The report opens ‘While world leaders gather in Katowice, Poland, for the upcoming United Nations Framework Convention on Climate Change conference (UNFCCC), or COP24, the main food court serving the conference’s estimated 30,000 visitors is offering twice as many meat-based entrees as plant-based entrees. This means a menu with an unnecessarily high carbon foodprint. If international climate conferences hope to lead the way in addressing the climate crisis, organizers can’t afford to overlook the food offered at their events.’

The study stated that the meat-based options generated around 4.1kg CO2e per serving, while the plant-based options emitted around 4 times less than that, at 0.9kg CO2e per serving. If each of COP24’s 30,000 visitors chose a meat-based dish during the conference, this would contribute the equivalent of ‘burning more than 500,000 gallons of gasoline or the greenhouse gas emissions attributed to 3,000 people flying from New York to Katowice.’

To put the menu into specifics, the least carbon-intensive entrée is cabbage and mushroom dumplings, which in comparison to the most carbon-intensive entrée, beef with smoked bacon, produced 35 times less greenhouse gas emissions. Now it may seem of interest to offer a wide-range of foodstuffs to cater to everyone’s individual tastes and dietary requirements, but when a group of people gather to lead the charge against climate breakdown, shouldn’t their personal actions reflect their lofty ideals?

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‘If the food court replaced the beef patties with plant-based patties on its cheeseburgers with Louisiana sauce, it could cut each burger’s carbon footprint by 82 percent, or 6 kg of GHG emissions each.’

“The meat-laden menu at COP24 is an insult to the work of the conference,” said Stephanie Feldstein, director of the Population and Sustainability program at the Center for Biological Diversity. “If the world leaders gathering in Poland hope to address the climate crisis, they need to tackle overconsumption of meat and dairy, starting with what’s on their own plates. That means transitioning the food served at international climate conferences to more plant-based options with smaller carbon footprints.”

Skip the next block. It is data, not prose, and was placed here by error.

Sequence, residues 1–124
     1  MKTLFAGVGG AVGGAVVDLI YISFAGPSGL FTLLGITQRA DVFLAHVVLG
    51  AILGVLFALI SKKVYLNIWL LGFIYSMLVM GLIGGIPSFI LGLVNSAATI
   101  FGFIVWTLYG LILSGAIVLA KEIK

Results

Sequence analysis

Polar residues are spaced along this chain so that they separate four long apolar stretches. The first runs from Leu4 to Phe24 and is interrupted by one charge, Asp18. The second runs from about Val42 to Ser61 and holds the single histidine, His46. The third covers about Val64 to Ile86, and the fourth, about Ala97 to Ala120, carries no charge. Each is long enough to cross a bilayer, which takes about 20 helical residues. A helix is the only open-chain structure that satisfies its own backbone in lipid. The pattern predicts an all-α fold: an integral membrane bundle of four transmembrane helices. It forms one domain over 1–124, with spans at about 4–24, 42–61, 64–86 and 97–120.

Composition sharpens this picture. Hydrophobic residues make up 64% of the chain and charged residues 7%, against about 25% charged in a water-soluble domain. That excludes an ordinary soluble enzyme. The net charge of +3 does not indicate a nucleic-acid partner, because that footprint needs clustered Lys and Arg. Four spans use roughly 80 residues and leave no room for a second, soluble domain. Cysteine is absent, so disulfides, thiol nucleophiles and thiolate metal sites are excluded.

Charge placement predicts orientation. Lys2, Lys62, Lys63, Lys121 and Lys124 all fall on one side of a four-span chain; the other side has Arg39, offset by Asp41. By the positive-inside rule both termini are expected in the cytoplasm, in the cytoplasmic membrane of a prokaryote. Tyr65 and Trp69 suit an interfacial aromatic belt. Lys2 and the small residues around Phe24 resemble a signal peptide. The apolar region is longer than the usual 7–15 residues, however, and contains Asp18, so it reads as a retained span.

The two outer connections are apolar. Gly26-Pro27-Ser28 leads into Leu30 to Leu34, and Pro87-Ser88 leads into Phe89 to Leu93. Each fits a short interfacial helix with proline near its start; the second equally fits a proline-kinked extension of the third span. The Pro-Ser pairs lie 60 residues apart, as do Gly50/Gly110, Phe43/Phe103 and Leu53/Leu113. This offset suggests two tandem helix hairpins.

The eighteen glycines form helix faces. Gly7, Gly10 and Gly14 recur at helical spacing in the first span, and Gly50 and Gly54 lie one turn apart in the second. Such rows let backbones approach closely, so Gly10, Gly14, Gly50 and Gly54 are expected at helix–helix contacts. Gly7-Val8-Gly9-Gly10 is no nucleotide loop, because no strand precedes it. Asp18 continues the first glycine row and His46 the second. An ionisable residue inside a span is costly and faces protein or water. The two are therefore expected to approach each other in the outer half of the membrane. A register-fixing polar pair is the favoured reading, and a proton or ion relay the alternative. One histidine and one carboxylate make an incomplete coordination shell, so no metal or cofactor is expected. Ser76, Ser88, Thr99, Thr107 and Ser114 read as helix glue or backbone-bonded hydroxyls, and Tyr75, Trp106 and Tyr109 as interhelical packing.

30% of anthropogenic greenhouse gas emissions are made up of emissions directly caused by the global food system, with a large amount of those emissions being caused by animal agriculture.

‘If current trends continue, food production will nearly exhaust the global carbon budget for all sectors by 2050.’

For us to effectively tackle climate breakdown, both the production and consumption of meat and dairy must be reduced significantly. If we want to keep global heating below 1.5C, a drastic shift in our diets needs to occur, especially with the high meat consumption in western countries, and the growing demand for meat in countries like China.

A report published in 2014 called ‘Dietary greenhouse gas emissions of meat-eaters, fish-eaters, vegetarians, and vegans in the UK‘, noted that the average emissions of meat eaters was 7.19kgCO2e/day compared to 2.89kgCO2e/day for those who consumed a vegan diet.

‘In conclusion, dietary GHG emissions in self-selected meat-eaters are approximately twice as high as those in vegans. It is likely that reductions in meat consumption would lead to reductions in dietary GHG emissions.’

Unfortunately, even though the science of agricultural emissions is sound, the issue is not one that has been covered in international climate negotiations and debates. This lack of attention is shown by the short-sighted menu offered at COP24.

“We know that we cannot meet the Paris Agreement goals, or the 1.5C target, with business as usual,” said Caroline Wimberly of Brighter Green, who will be in Katowice for COP24. “Food is not a matter only of personal choice, but an essential factor in solving the climate crisis. Demand-side policies and efforts, including food waste reductions and shifting diets—prioritizing populations with the highest consumption of animal-based foods—are critical in achieving a climate compatible food system and curtailing emissions.”

 

 

 

200 cross-party MPs pledge to divest parliament from fossil fuels

Around 200 MPs and former MPs have come together to sign the Divest Parliament Pledge, a pledge calling on the MP’s Pension Fund to divest from fossil fuel companies.

This announcement comes at the same time as global leaders meet for COP24, the climate change summit in Katowice, Poland, to develop plans to actualise on the global heating limitations set out in the Paris Climate Agreement in 2015. As the recent IPCC report stated that we only have 12 years to mitigate the worst of greenhouse gas emissions and global heating, this act from MPs is greatly welcomed.